UPDATE: Of course, in my haste I forgot to post the reason for my statements. Take a look at this and judge for yourself whether the Emergent Church is both/either capable of dialogue and/or acceptable to be in dialogue with Evangelicals. I think the affirmation in No. 6 is noteworthy (and what inspired my call to listen to the EC the other day), although they admit they do not yet have an academic response. The respectful and charitable language should offer some hope for more fruitful dialogue in the future.
(The wife was called away for a few minutes, so I'm sneaking in this quick post before I call it a weekend)
I continue to watch by the sidelines on the battle between the Emergent Church and the Reformers who are quick to poke holes. I am at least listening to the EC camp, although I remain in agreement with Reformed criticism of the movement. What I read and hear from EC'ers is a theology based on abstracts, an inability to speak in the persuasive language of modernism (often by choice), and occasionally a theology based solely on the dislike of the modern Church. If the EC'ers wish to start a dialogue with the rest of the Church I make these three practical suggestions. It should be noted these are made with the hope the would-be reformers understand the need to draw a distinction between post-modern philosophy and post-modern Christianity:
1. Speak our language first. In attempting to speak the language of the post-modern world, many have lost sight of the need to offer some kind of translation to the rest of us who don't speak PMese. Find the best modernistic expression for the post-modern Christian concept on the table, and maybe people won't be so quick to jump to conclusions. At the very least, find historical examples the might create a bridge over the chasm between modern and post-modern Christianity. Perhaps some might take a step towards you and attempt to learn your language.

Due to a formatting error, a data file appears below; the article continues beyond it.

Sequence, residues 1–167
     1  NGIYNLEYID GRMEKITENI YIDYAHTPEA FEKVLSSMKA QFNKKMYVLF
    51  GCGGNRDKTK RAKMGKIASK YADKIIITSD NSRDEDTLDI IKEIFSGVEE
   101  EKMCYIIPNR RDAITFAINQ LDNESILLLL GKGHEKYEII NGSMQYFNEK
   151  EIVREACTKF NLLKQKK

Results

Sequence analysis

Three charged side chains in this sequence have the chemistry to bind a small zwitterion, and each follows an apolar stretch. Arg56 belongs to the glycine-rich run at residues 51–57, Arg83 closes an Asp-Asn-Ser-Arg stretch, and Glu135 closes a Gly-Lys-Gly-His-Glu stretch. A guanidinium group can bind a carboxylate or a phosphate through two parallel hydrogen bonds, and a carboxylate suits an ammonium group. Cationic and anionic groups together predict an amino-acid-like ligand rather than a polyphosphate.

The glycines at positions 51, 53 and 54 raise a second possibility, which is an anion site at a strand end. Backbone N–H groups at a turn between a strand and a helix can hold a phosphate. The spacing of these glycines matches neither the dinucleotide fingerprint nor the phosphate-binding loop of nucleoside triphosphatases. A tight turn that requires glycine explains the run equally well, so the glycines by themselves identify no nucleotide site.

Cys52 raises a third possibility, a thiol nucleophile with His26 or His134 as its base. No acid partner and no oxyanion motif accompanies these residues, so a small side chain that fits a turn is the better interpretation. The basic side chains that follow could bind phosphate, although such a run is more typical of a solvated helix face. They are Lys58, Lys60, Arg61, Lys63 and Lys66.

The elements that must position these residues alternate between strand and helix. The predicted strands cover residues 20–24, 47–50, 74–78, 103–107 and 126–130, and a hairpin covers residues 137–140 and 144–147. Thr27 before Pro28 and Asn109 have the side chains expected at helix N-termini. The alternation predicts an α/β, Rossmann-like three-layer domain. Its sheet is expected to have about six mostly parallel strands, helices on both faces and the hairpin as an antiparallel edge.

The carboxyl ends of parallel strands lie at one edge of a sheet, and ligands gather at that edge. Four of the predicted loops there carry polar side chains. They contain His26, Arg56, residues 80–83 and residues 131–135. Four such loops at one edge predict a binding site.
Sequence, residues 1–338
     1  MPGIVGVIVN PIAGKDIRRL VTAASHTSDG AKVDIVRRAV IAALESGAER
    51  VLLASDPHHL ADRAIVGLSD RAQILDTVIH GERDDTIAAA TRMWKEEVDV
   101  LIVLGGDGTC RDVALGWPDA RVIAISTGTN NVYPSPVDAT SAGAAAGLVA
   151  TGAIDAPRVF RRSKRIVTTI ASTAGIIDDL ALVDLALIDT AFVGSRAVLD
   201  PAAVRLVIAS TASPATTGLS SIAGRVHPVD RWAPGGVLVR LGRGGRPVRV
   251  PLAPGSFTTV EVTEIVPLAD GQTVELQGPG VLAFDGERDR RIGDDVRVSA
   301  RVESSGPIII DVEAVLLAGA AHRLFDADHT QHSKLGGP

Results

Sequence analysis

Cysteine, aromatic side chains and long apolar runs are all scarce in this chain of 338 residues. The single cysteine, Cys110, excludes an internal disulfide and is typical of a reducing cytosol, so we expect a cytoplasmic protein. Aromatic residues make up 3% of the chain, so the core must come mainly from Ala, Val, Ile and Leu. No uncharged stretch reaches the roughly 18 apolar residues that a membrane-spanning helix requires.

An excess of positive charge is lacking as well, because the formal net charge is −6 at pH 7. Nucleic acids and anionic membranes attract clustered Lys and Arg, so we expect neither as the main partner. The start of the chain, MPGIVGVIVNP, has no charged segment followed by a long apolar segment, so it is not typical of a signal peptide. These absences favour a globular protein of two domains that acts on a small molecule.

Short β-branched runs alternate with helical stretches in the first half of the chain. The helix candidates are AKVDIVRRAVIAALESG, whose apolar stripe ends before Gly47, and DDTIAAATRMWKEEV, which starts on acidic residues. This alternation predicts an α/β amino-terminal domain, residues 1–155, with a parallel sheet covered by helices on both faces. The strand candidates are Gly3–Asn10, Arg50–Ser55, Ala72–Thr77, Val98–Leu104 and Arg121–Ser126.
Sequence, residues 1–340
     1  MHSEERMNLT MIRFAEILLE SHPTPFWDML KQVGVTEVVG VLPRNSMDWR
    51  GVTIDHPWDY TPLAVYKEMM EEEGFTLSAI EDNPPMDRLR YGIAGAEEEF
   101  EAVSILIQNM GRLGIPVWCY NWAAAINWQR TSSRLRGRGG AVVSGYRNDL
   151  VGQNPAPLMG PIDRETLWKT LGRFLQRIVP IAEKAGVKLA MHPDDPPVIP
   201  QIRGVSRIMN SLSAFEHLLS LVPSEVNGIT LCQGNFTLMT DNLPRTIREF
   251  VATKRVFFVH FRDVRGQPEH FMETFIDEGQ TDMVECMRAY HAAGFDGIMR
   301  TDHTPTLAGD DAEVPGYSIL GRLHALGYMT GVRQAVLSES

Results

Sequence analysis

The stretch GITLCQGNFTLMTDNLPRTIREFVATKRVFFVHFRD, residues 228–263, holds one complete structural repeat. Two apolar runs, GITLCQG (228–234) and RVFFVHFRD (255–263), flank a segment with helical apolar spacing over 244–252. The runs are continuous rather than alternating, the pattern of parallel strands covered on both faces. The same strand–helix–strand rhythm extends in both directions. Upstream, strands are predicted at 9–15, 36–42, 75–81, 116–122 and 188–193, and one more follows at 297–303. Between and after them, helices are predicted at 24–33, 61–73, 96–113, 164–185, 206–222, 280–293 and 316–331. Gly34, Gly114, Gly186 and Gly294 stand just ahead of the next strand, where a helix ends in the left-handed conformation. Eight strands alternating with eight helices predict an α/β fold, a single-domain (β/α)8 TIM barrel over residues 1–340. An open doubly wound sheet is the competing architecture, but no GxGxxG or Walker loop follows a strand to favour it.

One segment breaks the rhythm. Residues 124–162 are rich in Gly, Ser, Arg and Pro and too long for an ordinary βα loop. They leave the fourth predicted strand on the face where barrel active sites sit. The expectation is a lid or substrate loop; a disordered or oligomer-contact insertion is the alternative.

2. Recognize the real concern of your critics. Are you taking a Biblical and historical message of Christ to the post-modern world, or are you reshaping God in a post-modern image? Does your theology drive your post-modernism, or does your post-modernism drive your theology? In the race to be relevant, are you moving in the relative, like the RCC? You should never tire of answering these questions because they're a vital defense.
3. Understand that criticism of the critic is not a defense. Stating the problems of the "modern" or Western church is not an apology for Emergent Church. It could be the beginning of one, but saying something is broken is not stating the absolute need to scratch it a start over. Stating a need is not the solution, but it can be the hopeful beginning to one.
Addressing these three items (over and over and over again) will go a long way to at least creating an audience of value (and potential support). Attempting to gain support outside of the Reformed will never offer you credibility to the Reformed.